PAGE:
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State prosecutors charged Penn State’s former president with perjury and child endangerment, accusing him of allowing Jerry Sandusky, a convicted child molester, to prey upon kids.
Pennsylvania Attorney General Linda Kelly called it a “conspiracy of silence working to conceal the truth, an absolute disregard to the safety of minor children,” containing Graham Spanier and two other officials at Penn State.
“If these men had done what they were supposed to do…several young men would not have been attacked by a serial predator,” Kelly said, accusing the men of failing to alert authorities of Sandusky’s suspicious activities that had been brought forth in 1998 and again in 2001.
The prosecutors brought felony charges against Tim Curley, the ex-athletic director, and Gary Schultz, an ex-Penn State vice president who oversaw the campus police. Both men had been previously charged in the case, and along with Spanier were aware of Sandusky’s doings and refused to act.
The new charges are blamed on Pennsylvania’s Republican Gov. Tom Corbett, who has been accused of bringing the charges on Spanier to divert attention from the fact that when he was attorney general, he had failed to bring criminal charges against Sandusky back in 2009. This is a major issue that Democrats have criticized him for. Kelly has openly denied that the case has any correlation to that event.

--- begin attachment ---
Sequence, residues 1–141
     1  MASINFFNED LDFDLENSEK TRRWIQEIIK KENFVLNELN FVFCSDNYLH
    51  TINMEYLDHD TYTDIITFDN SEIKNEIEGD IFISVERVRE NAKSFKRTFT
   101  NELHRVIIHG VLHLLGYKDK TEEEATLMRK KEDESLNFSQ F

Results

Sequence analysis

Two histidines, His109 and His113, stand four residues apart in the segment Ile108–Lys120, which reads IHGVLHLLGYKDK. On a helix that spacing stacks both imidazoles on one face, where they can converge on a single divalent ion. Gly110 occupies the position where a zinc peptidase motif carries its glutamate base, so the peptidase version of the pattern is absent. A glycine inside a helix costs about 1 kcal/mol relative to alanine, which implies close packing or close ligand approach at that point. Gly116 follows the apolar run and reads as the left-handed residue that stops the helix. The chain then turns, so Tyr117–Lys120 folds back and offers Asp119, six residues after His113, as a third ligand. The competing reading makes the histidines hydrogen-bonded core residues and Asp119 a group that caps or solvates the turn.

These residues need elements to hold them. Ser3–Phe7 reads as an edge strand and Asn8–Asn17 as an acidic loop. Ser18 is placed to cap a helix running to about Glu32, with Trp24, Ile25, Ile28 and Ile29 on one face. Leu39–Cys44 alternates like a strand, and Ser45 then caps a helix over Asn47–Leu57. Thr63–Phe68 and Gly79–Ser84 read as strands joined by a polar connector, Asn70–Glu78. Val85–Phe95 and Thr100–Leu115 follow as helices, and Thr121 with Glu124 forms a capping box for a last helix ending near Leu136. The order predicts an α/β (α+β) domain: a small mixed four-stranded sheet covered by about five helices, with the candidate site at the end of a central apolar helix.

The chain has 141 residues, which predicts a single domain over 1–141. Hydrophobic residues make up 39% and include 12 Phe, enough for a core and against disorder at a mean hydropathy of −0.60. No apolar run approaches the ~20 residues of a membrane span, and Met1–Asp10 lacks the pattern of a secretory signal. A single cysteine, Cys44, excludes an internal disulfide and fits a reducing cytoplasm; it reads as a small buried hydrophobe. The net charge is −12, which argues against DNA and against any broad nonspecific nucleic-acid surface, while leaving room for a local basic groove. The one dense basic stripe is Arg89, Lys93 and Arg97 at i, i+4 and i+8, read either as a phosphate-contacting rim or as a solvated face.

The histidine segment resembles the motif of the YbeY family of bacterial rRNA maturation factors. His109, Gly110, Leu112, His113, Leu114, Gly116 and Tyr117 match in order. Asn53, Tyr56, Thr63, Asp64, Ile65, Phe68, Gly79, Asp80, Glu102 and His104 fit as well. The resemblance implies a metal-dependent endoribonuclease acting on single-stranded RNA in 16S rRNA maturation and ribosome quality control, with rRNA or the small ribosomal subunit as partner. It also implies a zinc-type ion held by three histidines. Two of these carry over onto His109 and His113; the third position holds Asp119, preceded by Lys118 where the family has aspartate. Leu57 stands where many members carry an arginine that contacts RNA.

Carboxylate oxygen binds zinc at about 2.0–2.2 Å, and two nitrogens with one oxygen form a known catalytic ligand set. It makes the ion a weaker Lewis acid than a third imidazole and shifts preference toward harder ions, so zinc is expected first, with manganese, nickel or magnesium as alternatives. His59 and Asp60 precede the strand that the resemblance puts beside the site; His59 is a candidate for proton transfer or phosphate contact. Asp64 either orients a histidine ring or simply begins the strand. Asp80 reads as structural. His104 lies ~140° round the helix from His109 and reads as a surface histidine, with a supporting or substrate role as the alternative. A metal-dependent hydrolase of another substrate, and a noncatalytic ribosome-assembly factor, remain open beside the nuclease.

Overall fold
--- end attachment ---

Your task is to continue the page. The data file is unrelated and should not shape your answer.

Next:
The charges come a year after Sandusky was charged with the molestation of children dating back to 1998, creating one of the biggest scandals in college sports. Sandusky , advisor to the late, Joe Paterno, was convicted on 45 counts of child sex abuse last June and was sentenced last month to 30 to 60 years in state prison.
“This case is about three powerful men who held high positions — three men who used their positions to conceal and cover up for years the activities of a known child predator,” state Attorney General Linda Kelly said at a news conference in Harrisburg. “This was not a mistake, an oversight or a misjudgment.